Skip to main content

Assessment in University of London Distance Education programmes, pre- and post-pandemic


The University of London has traditionally been an examining body, ensuring that external students working independently or supported by independent Teaching Centres meet the academic standards embodied in final written unseen examinations and gaining the appropriate academic award. Over the last 30 years or more in the UK however assessment practice in HE has changed substantially to include new purposes and new practices, and these are often present in the assessment strategies of on-campus programmes of independent member institutions. These include the understanding that assessment can support learning as well as judge performance.  For the University of London distance programmes, there has been a relatively slow take up of different approaches to assessment, with the ‘external examination’ character of the last 150 years or more being retained. However, a recent study by CODE Fellows Gwyneth Hughes and Alan Tait evaluating pre- and post-pandemic reforms in assessment practices in University of London distance learning programmes revealed that a shift away from viewing assessment as measurement of learning using exams towards assessment for learning is already taking place amongst the programme directors and their teams, although the picture is not surprisingly very mixed due to the range of institutions, cohort sizes and disciplines involved.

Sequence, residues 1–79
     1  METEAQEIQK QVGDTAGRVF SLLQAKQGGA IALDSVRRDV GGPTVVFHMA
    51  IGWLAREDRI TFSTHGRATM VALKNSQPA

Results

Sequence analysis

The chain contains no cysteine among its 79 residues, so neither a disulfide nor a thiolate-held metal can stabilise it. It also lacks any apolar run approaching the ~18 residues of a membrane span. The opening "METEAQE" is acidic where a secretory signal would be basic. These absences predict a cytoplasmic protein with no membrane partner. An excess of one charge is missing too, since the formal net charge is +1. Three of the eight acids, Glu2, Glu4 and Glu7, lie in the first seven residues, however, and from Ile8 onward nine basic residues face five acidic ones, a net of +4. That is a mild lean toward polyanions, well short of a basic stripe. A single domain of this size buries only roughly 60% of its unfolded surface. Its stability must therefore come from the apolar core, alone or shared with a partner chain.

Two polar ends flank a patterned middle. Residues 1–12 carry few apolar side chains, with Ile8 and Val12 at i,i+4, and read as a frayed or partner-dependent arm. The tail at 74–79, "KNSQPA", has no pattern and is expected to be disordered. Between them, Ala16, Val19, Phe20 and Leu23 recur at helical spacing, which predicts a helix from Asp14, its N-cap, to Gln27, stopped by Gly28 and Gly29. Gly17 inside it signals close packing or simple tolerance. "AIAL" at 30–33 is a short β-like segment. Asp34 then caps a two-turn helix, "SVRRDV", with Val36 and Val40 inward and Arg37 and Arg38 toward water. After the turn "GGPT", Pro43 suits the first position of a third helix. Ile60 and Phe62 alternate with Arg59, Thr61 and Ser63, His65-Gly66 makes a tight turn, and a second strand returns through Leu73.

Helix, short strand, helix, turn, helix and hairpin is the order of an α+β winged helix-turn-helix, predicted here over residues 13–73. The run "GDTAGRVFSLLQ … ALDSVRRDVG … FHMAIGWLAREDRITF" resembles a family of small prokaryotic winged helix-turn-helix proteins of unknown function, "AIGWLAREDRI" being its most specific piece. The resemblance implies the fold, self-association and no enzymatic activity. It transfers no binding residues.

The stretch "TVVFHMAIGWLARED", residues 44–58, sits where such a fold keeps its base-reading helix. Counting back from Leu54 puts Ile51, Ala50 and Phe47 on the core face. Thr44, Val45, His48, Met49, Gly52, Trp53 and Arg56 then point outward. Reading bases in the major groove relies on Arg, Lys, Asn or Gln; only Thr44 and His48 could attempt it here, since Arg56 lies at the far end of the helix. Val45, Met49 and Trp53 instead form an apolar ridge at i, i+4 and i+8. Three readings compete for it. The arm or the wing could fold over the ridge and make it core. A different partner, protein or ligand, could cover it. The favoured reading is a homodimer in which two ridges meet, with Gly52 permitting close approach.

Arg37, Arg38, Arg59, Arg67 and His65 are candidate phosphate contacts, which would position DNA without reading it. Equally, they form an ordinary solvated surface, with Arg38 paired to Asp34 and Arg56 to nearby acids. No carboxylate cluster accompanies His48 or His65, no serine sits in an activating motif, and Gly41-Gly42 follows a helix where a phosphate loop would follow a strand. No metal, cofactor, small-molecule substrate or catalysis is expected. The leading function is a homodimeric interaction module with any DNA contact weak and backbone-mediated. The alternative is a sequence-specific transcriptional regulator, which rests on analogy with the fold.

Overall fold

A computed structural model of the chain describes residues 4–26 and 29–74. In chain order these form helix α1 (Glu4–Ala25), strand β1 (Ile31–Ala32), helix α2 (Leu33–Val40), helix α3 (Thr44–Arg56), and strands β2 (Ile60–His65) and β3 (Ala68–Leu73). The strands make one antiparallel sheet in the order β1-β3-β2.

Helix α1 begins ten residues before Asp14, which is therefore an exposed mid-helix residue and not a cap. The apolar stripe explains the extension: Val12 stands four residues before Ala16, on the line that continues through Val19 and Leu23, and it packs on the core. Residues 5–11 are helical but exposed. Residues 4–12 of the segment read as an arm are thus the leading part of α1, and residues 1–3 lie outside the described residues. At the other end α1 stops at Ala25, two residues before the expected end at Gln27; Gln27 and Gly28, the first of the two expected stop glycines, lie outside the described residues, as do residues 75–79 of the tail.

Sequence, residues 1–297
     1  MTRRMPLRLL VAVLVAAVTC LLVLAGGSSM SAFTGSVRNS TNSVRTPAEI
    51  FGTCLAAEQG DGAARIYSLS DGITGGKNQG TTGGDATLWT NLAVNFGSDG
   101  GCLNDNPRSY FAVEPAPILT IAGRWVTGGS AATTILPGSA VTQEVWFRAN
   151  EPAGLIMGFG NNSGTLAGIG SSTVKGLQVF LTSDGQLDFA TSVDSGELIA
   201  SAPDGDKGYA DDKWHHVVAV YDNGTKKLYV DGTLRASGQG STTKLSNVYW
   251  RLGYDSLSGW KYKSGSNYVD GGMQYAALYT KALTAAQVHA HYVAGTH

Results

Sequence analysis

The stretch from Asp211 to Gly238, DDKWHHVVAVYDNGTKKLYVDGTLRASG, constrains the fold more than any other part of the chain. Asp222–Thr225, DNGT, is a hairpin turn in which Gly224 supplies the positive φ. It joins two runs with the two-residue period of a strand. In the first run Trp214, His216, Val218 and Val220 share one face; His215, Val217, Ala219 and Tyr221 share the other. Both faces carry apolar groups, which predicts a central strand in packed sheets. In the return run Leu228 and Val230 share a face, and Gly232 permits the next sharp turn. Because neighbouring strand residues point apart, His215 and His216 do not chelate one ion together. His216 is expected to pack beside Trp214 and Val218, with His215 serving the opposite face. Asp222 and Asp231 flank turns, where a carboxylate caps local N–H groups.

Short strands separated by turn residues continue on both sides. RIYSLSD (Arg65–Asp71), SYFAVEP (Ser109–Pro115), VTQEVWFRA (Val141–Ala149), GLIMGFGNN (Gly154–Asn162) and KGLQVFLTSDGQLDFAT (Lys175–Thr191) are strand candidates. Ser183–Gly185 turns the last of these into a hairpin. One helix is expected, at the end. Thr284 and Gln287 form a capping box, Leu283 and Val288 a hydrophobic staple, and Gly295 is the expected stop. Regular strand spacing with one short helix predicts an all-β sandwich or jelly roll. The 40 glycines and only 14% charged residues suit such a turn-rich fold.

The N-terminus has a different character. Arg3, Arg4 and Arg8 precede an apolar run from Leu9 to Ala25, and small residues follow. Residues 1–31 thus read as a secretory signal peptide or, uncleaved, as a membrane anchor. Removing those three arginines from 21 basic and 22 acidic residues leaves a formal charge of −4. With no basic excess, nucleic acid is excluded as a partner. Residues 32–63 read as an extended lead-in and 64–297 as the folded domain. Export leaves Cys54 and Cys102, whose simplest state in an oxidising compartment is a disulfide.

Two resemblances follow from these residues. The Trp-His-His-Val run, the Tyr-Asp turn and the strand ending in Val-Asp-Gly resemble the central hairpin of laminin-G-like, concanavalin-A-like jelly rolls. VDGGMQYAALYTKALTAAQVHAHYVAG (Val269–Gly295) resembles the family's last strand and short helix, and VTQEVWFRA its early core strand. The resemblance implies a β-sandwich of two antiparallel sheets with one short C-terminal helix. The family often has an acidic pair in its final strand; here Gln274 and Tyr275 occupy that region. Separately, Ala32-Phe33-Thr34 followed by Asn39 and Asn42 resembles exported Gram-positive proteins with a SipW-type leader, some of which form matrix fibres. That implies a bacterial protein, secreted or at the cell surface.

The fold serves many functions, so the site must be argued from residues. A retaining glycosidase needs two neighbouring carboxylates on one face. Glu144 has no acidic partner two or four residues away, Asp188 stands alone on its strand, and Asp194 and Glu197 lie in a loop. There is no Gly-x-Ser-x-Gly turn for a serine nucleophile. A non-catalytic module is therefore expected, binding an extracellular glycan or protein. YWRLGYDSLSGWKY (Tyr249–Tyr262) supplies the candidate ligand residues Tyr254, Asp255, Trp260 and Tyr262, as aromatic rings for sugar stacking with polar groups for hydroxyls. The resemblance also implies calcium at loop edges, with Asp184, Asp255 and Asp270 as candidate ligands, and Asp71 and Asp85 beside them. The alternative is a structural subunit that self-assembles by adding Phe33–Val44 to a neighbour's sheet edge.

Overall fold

The University of London has aimed to reform assessment practices for its international distance education programmes to shift away from relying solely on end of course examinations towards assessment that helps students learn. The project explored the extent to which programme directors have changed their assessments and the timing of the pandemic resulted in the study being mostly focused on a rapid shift from in-person invigilated to online exams. Evidence suggests that this crisis produced new thinking about the role of examinations including use of open book exams that require application of knowledge rather than knowledge recall, allowing more time for reflection during exams and even shifting away from exams altogether towards coursework and consideration of other assessment approaches. There were concerns about examination misconduct and workload generated by changing assessments and the report recommends that such new approaches to assessment should be encouraged through design support for assessment questions and methods that discourage plagiarism and that promote deeper learning and ultimately influence student performance and retention.